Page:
Top Climate-polluting Utility’s Gas Burners Worsen Pollution, Climate Crisis
Climate-justice groups filed a legal petition with the North Carolina Utilities Commission today asserting that Duke Energy — one of the top polluting U.S. utilities — is violating state law by quietly building large amounts of inefficient gas-burning capacity without commission approval.
Duke Energy has 24 more efficient gas units sitting idle, but is building new gas capacity at many of its coal-burning plants. The utility is seeking $278 million, plus a roughly 10% profit from ratepayers, for some of the gas expansions in an ongoing rate case.
“Duke Energy leaders are thumbing their noses at the world’s climatologists, who insist we must be closing down fossil fuel use instead of building more plants,” said Jim Warren, executive director of NC WARN. “Duke ranks annually among the top U.S. carbon dioxide emitters, and its plan to build 60 fracked-gas power plants adds to its notoriety by expanding the emissions of unburned methane and locking in fossil fuels.”
Today’s legal petition, filed by NC WARN, the Center for Biological Diversity and Appalachian Voices, argues that North Carolina law requires Duke Energy to seek prior approval before building gas-burning units as an add-on to coal-fired power plants. The groups want commissioners to require Duke to undergo an open review process to acquire a permit before spending millions of dollars building the new units.
“It’s outrageous that one of the world’s most climate-damaging utility corporations is furtively adding dirty fracked gas units at dirty coal plants,” said Jean Su, energy justice director at the Center for Biological Diversity. “Duke is disturbingly determined to profit off fracked gas that’s fueling the climate catastrophe. This corporate behemoth is not above the law, and North Carolina law requires Duke to comply with the permitting process.”
The group’s petition explains how the expensive new units, and others Duke plans to build, create higher electricity costs and produce more greenhouse emissions than modern gas-burning units. The utility is adding the gas power even as 24 nearby and more efficient Duke gas units went entirely unused last year.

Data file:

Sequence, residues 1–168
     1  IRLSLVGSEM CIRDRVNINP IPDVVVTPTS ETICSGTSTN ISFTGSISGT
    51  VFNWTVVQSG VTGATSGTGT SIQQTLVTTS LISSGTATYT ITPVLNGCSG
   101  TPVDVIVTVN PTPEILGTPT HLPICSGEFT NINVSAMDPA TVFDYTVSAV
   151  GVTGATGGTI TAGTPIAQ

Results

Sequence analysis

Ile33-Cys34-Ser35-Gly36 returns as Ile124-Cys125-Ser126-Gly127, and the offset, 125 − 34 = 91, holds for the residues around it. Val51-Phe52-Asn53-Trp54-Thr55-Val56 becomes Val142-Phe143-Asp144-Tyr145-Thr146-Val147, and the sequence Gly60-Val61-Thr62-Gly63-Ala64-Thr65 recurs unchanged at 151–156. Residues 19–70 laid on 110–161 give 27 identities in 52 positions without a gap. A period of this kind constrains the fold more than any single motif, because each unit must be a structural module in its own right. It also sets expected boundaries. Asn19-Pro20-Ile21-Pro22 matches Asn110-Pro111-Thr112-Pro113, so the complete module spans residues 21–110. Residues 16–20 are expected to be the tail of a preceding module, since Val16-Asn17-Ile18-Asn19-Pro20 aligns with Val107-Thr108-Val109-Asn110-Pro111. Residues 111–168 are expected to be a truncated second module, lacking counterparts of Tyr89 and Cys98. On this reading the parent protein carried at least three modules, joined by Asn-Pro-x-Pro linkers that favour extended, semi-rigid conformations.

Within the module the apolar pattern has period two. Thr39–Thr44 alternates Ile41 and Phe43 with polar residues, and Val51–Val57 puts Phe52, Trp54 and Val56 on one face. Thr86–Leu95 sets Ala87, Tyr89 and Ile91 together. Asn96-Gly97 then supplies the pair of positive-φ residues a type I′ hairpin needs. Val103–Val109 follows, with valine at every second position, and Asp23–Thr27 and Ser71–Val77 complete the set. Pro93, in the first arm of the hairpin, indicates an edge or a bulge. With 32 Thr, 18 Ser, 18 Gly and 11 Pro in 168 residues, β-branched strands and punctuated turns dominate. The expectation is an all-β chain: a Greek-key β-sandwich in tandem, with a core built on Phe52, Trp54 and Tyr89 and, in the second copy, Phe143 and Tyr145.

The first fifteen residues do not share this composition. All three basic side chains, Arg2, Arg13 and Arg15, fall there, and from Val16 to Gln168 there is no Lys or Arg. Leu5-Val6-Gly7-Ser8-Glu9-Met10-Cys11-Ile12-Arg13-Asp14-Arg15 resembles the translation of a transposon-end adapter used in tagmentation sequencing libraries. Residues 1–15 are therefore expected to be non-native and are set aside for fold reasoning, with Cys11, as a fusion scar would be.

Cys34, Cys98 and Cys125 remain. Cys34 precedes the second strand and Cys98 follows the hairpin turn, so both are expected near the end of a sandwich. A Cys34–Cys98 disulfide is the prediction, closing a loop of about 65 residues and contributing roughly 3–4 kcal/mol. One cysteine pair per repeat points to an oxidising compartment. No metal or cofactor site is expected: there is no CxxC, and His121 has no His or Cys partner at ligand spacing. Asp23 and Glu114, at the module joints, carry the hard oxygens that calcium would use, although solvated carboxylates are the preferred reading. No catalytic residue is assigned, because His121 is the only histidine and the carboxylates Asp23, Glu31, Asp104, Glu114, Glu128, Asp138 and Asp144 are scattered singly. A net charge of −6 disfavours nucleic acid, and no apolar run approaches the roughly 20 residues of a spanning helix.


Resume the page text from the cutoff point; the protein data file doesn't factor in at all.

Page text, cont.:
“There is simply no way that spending hundreds of millions of ratepayer dollars to burn gas at Duke’s inefficient old coal-fired power plants is in the public interest. Only a monopoly could be so reckless with other people’s money,” said Matt Wasson, director of programs at Appalachian Voices. “Duke’s stockholders might benefit from these investments by increasing the profitability of their dirty old coal plants, but ratepayers will pay a steep price.”
In building the gas units, Duke is ignoring the need for prior regulatory approval. In the permitting process, the corporation would have to address the kind of objections the three groups are now raising. In a rate case, by contrast, while regulators can deny any expenditures, building the gas units without prior approval can create pressure for utilities commissioners to go along with the already-incurred investment.
In February NC WARN filed testimony from engineer Bill Powers challenging Duke’s move. Since that time research has uncovered deeper problems with such “dual-fuel” modifications, where gas-burning equipment is connected to the steam boiler at a coal-fired power plant.
The group’s analysis shows that Duke Energy Carolinas has so much unused generation capacity — twice the reserve levels needed to cover annual peak usage — that several of its large coal units could be shut down immediately. Instead, the groups believe, the gas modifications may be an excuse for Duke to avoid closing coal plants that are near the end of their operating lives.
Despite all the unused generation, Duke’s two Carolinas utilities plan to build nearly 12,000 megawatts of conventional gas-fired generation in the Carolinas over the next 14 years, as shown in its latest Integrated Resource Plan. Including the units recently built without approval, Duke’s dual-fuel projects — which aren’t explained in the utility’s resource plan — add another 5,686 megawatts. Altogether Duke is adding up to 60 gas-burning units between 2019 and 2034 in the Carolinas.